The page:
Cities are now home to half of humankind. They are the hub for much national production and consumption—economic and social processes that generate wealth and opportunity. But they also are places of disease, crime, pollution and poverty. In many cities in developing countries, slum-dwellers number more than 50 per cent of the population and have little or no access to shelter, water and sanitation. The UN Human Settlements Programme (UN-Habitat), with hundreds of projects in some 70 countries, seeks innovative solutions for towns and cities. These include providing security of tenure for the urban poor, which is in turn a catalyst for investment in housing and basic services for the poor.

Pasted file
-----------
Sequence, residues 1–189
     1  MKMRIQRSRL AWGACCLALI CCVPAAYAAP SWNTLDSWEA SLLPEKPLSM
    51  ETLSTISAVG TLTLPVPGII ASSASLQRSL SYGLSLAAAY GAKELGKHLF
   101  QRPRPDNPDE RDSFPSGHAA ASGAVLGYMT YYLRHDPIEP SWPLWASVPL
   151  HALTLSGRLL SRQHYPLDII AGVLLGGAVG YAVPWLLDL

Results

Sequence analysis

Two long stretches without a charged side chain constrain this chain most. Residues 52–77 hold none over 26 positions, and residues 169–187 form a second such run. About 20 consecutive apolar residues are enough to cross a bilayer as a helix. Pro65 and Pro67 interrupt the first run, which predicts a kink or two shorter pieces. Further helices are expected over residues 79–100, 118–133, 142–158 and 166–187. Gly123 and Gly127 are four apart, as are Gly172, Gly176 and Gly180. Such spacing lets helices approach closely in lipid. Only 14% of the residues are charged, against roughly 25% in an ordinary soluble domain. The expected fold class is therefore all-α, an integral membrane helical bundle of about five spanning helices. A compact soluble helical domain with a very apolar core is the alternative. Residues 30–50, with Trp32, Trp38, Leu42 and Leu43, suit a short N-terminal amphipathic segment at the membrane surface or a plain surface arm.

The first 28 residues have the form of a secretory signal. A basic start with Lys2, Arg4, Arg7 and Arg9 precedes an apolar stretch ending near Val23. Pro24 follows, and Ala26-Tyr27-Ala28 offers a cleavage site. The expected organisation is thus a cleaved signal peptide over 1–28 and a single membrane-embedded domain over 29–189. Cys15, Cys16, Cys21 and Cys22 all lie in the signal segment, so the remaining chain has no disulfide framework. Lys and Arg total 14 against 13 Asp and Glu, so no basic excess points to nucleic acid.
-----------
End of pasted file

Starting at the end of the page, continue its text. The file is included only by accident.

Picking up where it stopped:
And my comment re: TERFs is based mostly on pretty extensive interaction I used to have with them in the Discussing gender critical and gender identity group on facebook, which hosts heavyweights like Elizabeth Hungerford. They’re a pretty sour, dogmatic, one-sided bunch (which is why I eventually left the group, when it became clear that extremely little bridge-building was being sought), but I do not think the great majority would cast trans women as *probable rapists* but as being equally threatening as men or almost so. That means a much higher risk, but that is certainly not the same as saying a probable risk.